A Pin Hole Camera
Principles Observations Demonstration
Thanks to Kenny Hoff, here are a couple of snapshots of my pinhole camera.
The hole is at the centre of the metallic base in Picture 1. The light-proof
casing is the black plastic which allows the object cylinder to slide.
I used a Pringles box as the basic 'body' of the camera. I experimented
with a 'wax-paper' and the translucent Pringles cap for use as a screen,
and found image quality to be much sharper with the plastic cap. This is
probably due to the fact that the transparency of the wax-paper is not
uniform, it easily gets wrinkled and is difficult to keep as a flat screen.
I tried to get a zoom feature by varying the focal length of the
camera. The pringles box was cut into two and the translucent cap was fixed
to one end of the viewing cylinder, and a view-plane on the other. The
other half of the pringles box with the metallic base was pierced to form
the hole. The viewing cylinder was fixed in a thick cardboard casing, while
the object cylinder was left free to slide. To prevent light from leaking
through the sides of the object cylinder, a light-proof casing using trashbag
plastic was attached to the sliding cylinder. (This also prevents the object
cylinder from sliding out! :-). The insides of the cylinders were covered
with thick black paper, to avoid distortions from light reflecting off
the sides of the shiny inner surface of the pringles box.
The light enters the small pinhole in the front of the camera, and
projects onto the plastc screen. The image the person sees projected onto
the wax paper is inverted laterally and vertically.
Varying Focal length
A 'zoom' effect can be obtained by increasing the focal length (the
distance of the screen from the pinhole). As the focal length was increased
by sliding out the object cylinder, the image of the object became larger.
However, the field of view decreases as the focal lenght increases. This
is shown in the figure above - the orange object appears bigger as we increase
the focal length, however, since the object is larger - less of it is visible
on the same screen, hence the bigger blue object is not visible at f3.
Varying object distance
A similar effect is observed as the object is moved away to the pinhole.
As we move the object further away, the field of view increases (more objects
come in view) but the size of the object image also decreases.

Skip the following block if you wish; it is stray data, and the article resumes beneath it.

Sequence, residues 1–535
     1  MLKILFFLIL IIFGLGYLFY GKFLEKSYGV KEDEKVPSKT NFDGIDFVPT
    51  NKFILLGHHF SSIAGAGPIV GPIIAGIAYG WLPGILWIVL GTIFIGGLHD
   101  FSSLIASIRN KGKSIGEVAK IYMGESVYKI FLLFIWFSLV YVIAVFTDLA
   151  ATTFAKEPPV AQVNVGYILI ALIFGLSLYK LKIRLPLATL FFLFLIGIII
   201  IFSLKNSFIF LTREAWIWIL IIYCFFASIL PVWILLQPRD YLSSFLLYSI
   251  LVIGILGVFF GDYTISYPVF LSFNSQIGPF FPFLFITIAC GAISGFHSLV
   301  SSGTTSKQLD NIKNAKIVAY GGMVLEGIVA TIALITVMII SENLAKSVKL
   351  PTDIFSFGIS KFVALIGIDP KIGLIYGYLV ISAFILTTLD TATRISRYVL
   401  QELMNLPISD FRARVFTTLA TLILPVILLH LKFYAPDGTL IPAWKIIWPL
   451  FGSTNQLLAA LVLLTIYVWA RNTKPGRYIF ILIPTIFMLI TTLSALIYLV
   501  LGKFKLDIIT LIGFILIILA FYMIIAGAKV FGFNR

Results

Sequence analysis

With a small pinhole the image formed is very dim, as the amount of light
entering is small. However, if we increase the size of the aperture (hole),
the image gets blurred. In case of an ideal pinhole, only 1 ray of light
corresponding to a world point enters the camera forming a sharp image
of the point. This also causes the image to be VERY dim. In the case of
a real world hole, which has definite dimensions - multiple rays from a
point enter the camera - forming multiple images.
Here, two images (I1 and I2) of point O are shown as an example. In
reality, the rays from nearby points overlap causing the blur. For a detailed
( including the wave interferance fom a small hole) discussion of the aperture
radius on the image, please go through Matt
Young's page on pinhole cameras (first reference).
Initially I tested the camera on the image of a bright table lamp, during
and after the construction phases. I was able to read the (inverted) label
on the bulb, however the images of any object away was really dim. Later,
I was able to get better images, by shining the lamp directly on to objects,
with the shade occluding the bright bulb.
Here is a picture of a light bulb as formed on the screen. This was
taken by holding up the camera towards a bulb in the ceiling in the reading
room. Kenny put his digi cam against the view-hole and clicked. The image
is pretty blurred as we did not focus the pinhole, and the digi cam might
not have focussed clearly on the screen of the pinhole. The larger blob
in the middle is the bulb, and the smaller blob is probably the specular
reflection of the bulb off the shade.
I demonstrated the camera to my flatmate Abhishek. He knew about the
pinhole camera priciple, and even helped me in its construction with some
neat engineering ideas (using trashbag plastic to 'light-proof' the sliding
For extra-credit I plan to demonstrate it to my 6 yr old niece. Her
comments would be up soon after my visit to my cousins place.
Kenny Hoff for his Kodak DC210
digital cam (the res of the captured images is pretty nice - I've reduced
them to 25% here).
Abhishek Chandra for his suggestions